Perhaps you’re eating an apple while reading this. How did that apple arrive at your hand? How far did it travel to get to your grocery store, cafeteria, or farmer’s market? How was the apple grown and processed? In a larger sense, how does the food sold in your neighborhood or region affect the health of the people there?
Two TDAI affiliates are helping to answer these questions in a unique collaboration between TDAI and the Initiative for Food and AgriCultural Transformation (InFACT), two focus areas within the university’s Discovery Themes.
Ayaz Hyder, assistant professor of environmental health sciences, and Casey Hoy, InFACT faculty director and professor and Kellogg Endowed Chair in Agricultural Ecosystem Management, are co-principal investigators on a new NSF-funded project entitled “Developing an Informational Infrastructure for Building Smart Regional Foodsheds.” They join three colleagues from California: principal investigator Thomas Tomich and co-PI Matthew Lange, both from UC Davis, and co-PI Suzanna Lewis, from Lawrence Berkeley National Lab. The project also includes the cities of Columbus and Sacramento as partners.
The group aims to build a general informatics framework for better understanding and optimizing food systems by assembling data held by various government and social service organizations in the Columbus and Sacramento foodsheds. The term “foodshed” is adapted from “watershed,” which describes how the water in a certain geographic place flows from one location to another. “It’s the sources and pathways for food consumed in particular place,” said Hoy. “Those sources can be anywhere from a planter box on your kitchen windowsill to literally the other side of the planet.” Examining foodsheds and their strengths and weaknesses is about “envisioning food flows in a way that benefits everyone,” he said.
The diverse data streams will include environmental; food production, processing, and distribution; and health and healthcare. By developing methods to bring them together, the researchers can better characterize the food systems, and communities in turn can better address challenges such as food system failures; inequities in food access, availability and affordability; and downstream consequences on community health.
Conducting analytics with these combined datasets will provide new insights into foodshed factors that ultimately impact people’s health. “For example, one could say, ‘Where are the apples coming from in this school versus that school,’” said Hyder. The answer would be complex: where the seeds came from, where they were planted, where the apples were processed, how they were shipped, and the costs. “One of our colleagues at UC Davis calls it ‘the Internet of Food,’” he said. “There are very real-world questions that take combined datasets to get at.”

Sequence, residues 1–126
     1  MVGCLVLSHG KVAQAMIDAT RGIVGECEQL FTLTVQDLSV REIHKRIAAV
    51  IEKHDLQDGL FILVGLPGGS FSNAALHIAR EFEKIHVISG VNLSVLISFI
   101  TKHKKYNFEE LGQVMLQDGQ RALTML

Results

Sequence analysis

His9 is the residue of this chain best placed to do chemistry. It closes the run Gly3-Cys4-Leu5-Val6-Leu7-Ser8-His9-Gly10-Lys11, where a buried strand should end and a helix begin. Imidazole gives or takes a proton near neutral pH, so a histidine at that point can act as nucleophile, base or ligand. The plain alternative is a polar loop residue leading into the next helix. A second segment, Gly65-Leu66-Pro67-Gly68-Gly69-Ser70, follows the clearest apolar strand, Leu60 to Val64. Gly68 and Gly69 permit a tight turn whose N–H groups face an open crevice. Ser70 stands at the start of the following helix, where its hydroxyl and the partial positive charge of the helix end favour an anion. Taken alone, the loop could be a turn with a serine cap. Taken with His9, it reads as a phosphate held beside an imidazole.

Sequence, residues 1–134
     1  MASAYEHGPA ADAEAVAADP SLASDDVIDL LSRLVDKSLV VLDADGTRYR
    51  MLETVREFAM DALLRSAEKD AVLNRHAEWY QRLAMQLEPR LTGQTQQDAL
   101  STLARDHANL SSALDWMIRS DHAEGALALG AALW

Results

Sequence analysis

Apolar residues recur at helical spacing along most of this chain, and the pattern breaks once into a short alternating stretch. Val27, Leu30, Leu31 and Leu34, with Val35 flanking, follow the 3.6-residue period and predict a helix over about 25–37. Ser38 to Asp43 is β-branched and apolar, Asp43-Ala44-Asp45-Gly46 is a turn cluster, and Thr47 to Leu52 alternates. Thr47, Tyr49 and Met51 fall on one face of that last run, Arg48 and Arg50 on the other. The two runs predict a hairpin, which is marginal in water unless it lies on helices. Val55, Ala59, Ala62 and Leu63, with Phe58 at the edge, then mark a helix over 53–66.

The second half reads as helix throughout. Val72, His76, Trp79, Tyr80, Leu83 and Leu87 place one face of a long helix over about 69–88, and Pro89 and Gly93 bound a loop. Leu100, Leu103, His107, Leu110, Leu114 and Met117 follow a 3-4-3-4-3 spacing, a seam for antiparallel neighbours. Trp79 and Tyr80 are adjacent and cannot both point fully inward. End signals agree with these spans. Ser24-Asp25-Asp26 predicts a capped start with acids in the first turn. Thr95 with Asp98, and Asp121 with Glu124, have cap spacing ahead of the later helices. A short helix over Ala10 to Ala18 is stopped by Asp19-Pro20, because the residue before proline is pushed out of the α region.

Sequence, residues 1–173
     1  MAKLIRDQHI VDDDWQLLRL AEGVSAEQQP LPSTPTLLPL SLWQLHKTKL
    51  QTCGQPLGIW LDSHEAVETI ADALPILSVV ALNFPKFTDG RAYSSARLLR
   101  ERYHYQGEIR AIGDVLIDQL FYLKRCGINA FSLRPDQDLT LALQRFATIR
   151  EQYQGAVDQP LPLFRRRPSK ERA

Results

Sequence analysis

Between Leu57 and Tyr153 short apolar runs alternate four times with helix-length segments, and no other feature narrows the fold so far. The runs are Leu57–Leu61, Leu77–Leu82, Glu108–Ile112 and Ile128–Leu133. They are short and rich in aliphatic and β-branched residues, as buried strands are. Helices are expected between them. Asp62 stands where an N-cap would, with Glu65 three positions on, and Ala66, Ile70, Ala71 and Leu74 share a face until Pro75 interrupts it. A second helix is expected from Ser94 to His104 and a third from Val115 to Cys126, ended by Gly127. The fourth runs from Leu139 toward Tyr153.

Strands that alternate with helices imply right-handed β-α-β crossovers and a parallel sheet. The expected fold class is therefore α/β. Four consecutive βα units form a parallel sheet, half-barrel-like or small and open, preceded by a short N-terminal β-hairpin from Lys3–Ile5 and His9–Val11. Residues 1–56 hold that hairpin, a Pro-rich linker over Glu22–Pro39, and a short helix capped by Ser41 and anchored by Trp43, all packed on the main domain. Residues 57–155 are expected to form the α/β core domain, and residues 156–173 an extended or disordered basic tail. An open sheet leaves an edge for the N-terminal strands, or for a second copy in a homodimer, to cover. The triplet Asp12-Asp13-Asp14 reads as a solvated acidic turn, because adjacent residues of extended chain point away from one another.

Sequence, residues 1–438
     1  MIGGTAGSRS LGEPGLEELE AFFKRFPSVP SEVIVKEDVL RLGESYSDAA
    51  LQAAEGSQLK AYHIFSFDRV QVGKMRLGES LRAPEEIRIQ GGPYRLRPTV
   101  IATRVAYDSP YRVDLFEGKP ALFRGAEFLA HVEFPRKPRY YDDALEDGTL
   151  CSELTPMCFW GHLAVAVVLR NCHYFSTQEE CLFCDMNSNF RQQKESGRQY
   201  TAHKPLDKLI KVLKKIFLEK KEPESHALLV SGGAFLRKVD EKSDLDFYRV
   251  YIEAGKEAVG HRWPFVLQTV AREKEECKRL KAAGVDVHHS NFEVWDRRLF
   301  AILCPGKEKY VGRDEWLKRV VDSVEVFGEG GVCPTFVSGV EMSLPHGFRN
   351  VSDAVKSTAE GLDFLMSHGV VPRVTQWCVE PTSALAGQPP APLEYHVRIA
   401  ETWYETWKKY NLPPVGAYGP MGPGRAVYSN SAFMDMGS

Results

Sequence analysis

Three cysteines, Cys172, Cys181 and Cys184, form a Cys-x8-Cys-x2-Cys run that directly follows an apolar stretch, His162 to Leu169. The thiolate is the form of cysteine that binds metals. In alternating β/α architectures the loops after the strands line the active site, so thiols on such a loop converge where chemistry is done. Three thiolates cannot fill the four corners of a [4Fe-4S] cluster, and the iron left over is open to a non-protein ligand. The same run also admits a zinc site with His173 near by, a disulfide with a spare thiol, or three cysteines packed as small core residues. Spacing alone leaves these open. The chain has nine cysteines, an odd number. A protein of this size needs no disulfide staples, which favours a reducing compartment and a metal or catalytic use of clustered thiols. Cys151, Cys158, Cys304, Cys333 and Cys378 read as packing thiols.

In Columbus, the project will bring together community organizations with datasets and an interest in learning more, including Smart Columbus, the Mid-Ohio Foodbank, Columbus Public Health, and Nationwide Children’s Hospital.
Key to the project’s success, Hyder said, is ensuring its outcomes benefit the partner organizations. “We hope to use the products that come from this initiative, but we also want to pay back the people who contributed data to the initiative. It needs to show value to them, and build that value proposition for the data providers that it will benefit them not just 10 years down the road, but immediately.”
The types of products that result, such as linked datasets and analytics tools, will depend largely on the community collaborators and their information needs. “Part of the project is engaging partners on envisioning software or analyses or other products made possible by aggregating data that would help them in their own work,” said Hoy. A steering committee of researchers and community members is part of the project’s mix, with members who represent the range of expertise required to tackle something as complex as food systems, including computer science, data analytics, food science, sustainable agriculture, engineering, public policy, economics, medicine, and public health.
“There’s already growing interest from healthcare systems on addressing food insecurity,” Hyder said. “This will provide a resource so they can do that and improve patient outcomes.”
Hoy and Hyder traveled to UC Davis in November 2016 for a conference on the Internet of Food. “That got the conversation started,” Hoy said. “I think it’s meaningful that our colleagues at UC Davis reached out to us. I think it speaks to OSU’s reputation–and growing reputation–as a result of the Discovery Themes.”
While Sacramento and Columbus may appear different on the surface, they have similarities that lend themselves to collaborating on this grant. Both are medium-sized cities surrounded by agricultural areas, and both have created food action plans with the goal of making their food systems more resilient and sustainable.
Both cities are also large enough to have issues around food insecurity and equity, which are multi-faceted challenges for any community. “Food security is a cultural issue,” Hoy said. “The way we serve and prepare food and share food is a cultural issue.”
The project has the potential to be transformational in terms of the data it accesses and leverages for linkage, but also through the creative problem-solving it will enable. Hyder envisions startups or hackathons utilizing the linked data to tackle food security and related issues in a holistic manner like never before. “Through data and gathering people around data, we will start some conversations that were never possible before.”